This shouldn’t come as a surprise. WRAP found in an earlier reportthat between 1979 and 1983, federally funded affordable housing was cut by approximately $50 billion, an amount that has never been fully restored. With homelessness on the rise ever since, cities have resorted to criminalization to appease residents and businesses and to give the appearance of having solved the crisis.

“I grew up in San Diego where there’s a huge homeless population,” Fisher said. “People would complain all the time to the police and government about, ‘I went downtown and there was a bunch of homeless people.’ So I think cities feel a lot of pressure to do something. It seems easier to say that you’re doing something by passing a law than investing millions of dollars in housing or counseling programs or retraining your police force to work differently. It’s shortsighted. And I think one of their hopes has been, that if they’re more restrictive than their neighbors, maybe they’ll push the homeless people out of their city and into neighboring cities, which at a state level doesn’t do anything; it’s counterproductive. But at a city level, it encourages a kind of race to the bottom.”

Boden said city officials sometimes don’t even try to conceal their efforts. He said mayors have gone to other cities to praise the effectiveness of criminalization.

“When we were having the hearings on sit/lie [in San Francisco] they brought up the mayor from Santa Cruz to talk about how great it’s worked there because it removed homeless people from the downtown area,” Boden said. “So they’re not even hiding that this is about getting rid of poor people. This isn’t about any other issue except removing people that they don’t like from local communities.”

The Push to Put People Over Profit and Politics

This is why WRAP is pushing for statewide legislation to squash this race to bottom among cities. In Oregon, Chip Shields of the state senate was the first to sponsor the Right to Rest Act, stating, “People who are homeless not only struggle with life on the street, they struggle with the indignity of being treated like criminals because they have nowhere to eat, sit or sleep. This bill is about making sure everyone is treated humanely under the law.”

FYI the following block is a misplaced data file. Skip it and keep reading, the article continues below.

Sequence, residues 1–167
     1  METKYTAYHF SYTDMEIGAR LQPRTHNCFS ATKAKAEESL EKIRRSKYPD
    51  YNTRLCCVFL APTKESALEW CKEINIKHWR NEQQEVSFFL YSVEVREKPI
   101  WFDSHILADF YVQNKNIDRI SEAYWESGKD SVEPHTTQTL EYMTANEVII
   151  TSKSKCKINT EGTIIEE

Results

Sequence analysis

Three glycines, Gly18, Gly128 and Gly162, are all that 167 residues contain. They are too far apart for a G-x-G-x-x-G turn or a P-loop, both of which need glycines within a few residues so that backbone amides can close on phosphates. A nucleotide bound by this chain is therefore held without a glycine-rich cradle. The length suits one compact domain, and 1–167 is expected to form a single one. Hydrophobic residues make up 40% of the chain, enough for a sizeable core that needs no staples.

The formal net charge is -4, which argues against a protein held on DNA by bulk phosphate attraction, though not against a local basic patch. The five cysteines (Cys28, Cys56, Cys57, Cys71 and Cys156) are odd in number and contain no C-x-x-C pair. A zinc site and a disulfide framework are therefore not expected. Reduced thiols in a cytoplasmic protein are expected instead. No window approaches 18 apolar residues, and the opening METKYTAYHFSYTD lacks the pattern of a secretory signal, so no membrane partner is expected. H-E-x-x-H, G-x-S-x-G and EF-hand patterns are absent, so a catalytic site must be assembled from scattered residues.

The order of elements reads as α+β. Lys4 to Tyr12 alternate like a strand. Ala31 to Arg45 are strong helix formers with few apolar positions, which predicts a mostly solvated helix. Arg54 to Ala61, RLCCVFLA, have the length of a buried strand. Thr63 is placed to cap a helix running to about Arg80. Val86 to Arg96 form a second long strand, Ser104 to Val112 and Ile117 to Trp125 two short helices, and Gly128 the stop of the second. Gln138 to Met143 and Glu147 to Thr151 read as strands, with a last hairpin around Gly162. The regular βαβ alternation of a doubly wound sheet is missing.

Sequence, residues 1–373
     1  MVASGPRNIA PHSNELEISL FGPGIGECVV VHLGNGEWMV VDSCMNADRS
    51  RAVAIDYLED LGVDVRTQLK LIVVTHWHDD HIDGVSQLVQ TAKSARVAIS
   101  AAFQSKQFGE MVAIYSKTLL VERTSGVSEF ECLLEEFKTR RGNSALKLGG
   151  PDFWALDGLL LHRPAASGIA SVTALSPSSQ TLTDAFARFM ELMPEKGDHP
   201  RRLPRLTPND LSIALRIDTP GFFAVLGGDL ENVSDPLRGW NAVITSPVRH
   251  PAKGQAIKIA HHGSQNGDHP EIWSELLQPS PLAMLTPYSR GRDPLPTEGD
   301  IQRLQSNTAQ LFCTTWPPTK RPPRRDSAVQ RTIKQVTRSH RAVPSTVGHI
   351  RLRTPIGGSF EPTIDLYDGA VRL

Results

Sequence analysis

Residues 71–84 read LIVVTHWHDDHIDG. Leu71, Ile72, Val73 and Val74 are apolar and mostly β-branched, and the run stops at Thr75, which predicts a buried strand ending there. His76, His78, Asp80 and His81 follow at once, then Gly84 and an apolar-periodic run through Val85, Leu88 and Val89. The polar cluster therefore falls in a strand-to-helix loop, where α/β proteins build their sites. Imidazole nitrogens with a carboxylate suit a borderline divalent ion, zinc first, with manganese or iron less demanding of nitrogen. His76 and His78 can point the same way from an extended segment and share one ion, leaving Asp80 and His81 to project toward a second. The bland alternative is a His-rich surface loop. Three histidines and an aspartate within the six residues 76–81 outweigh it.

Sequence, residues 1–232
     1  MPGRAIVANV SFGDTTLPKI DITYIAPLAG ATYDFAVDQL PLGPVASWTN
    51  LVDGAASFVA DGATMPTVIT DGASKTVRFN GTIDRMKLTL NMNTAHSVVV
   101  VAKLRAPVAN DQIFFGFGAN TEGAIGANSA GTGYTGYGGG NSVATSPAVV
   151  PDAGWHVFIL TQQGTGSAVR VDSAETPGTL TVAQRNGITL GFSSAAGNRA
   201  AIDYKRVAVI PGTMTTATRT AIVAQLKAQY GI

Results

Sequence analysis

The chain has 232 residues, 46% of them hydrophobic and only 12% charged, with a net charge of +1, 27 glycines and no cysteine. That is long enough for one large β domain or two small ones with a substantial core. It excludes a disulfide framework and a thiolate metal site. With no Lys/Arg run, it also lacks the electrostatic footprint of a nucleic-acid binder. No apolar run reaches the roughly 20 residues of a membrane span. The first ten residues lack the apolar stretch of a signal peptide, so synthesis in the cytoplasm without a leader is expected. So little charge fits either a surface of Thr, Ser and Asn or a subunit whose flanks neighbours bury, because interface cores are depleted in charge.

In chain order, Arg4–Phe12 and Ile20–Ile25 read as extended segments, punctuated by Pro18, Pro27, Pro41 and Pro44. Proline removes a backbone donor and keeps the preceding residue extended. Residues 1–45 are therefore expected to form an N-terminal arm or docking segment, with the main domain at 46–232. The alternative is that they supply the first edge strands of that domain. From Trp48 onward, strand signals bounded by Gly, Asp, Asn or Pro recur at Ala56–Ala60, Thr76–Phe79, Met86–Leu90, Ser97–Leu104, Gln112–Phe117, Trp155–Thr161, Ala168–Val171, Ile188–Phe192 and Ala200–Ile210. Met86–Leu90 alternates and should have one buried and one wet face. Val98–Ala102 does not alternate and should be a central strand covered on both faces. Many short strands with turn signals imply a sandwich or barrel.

Joe Salazar of the Colorado House of Representatives was next to sponsor the act. In both states, several state representatives have added their names to the bill. No California representative has yet offered to serve as a sponsor.

“It is a really disappointing shock no one has sponsored the bill in California,” said Boden. “And the fact that you have several sponsors in Oregon and several sponsors in Colorado—we actually anticipated those being a little harder because we have a lot more members in California. We came out of California. We have a Democratic controlled assembly and Senate and a Democratic governor. What we’re trying to say to these politicians: if not you, who?”

Politicians’ lack of courage in California may stem from the campaign’s history in the state. In 2012, former California State Assemblyman Tom Ammiano introduced WRAP’s Homeless Bill of Rights, which included the Right to Rest Act’s anti-criminalization component as well as the right to legal counsel and the right to 24-hour access to hygiene centers. The Assembly’s Judiciary Committee approved the legislation but it later died in Appropriations.

“It gave too many loopholes for the opposition to plug into and avoid the race and class issues that are really behind the criminalization piece of it,” Boden said, adding that this year, WRAP is back with the Right to Rest Act—the core of the Homeless Bill of Rights.

Ammiano took a lot of heat from the League of California Cities, the Chamber of Commerce and the Police Officers Association for the bill, Boden said. The business improvement districts were the most vehemently opposed.

“When you look at how many business improvement districts we have in the state—we’re turning what we used to call neighborhoods into business improvement districts,’” Boden said. “A lot of politicians aren’t comfortable going up against this kind of opposition.”

But WRAP is still pushing for politicians to put people over politics and profit before the February 27 deadline.

“At some point somebody has to stand up and say this ain’t right,” Paul Boden said. “Some groups had to finally say, we’re going to fight Jim Crow. Some groups had to finally say, we’re going to fight ugly laws; we’re going to fight Japanese exclusion acts. Right now, today, we need to be that group.”

Alyssa Figueroa is an associate editor at AlterNet. 


Radioactive sulfur was “the highest ever measured in any atmospheric sample” — “Very high” concentrations detected in Tokyo

Detection of radioactive 35S at Fukushima and other Japanese sites, authors include scientists from the University of California San Diego and the University of Tokyo, 2013 (emphasis added):

  • An effect of [the Fukushima] disaster was secondary formation of radioactive 35S… when neutrons… activated the coolant sea water. Here we report the first measurements of 35S [which oxidized to 35SO2, then 35SO42-] collected at six Japanese sampling sites… during March-September 2011.
  • Even after 6 months, 35SO42- activity remains very high… in the Fukushima region, which implies that the reactor core was producing radioactive sulfur.
  • 35S is a unique tracer in that it provides information on the number of neutrons emitted from the reactor core and can be used to probe the condition of the reactor core as well as the containment vessel.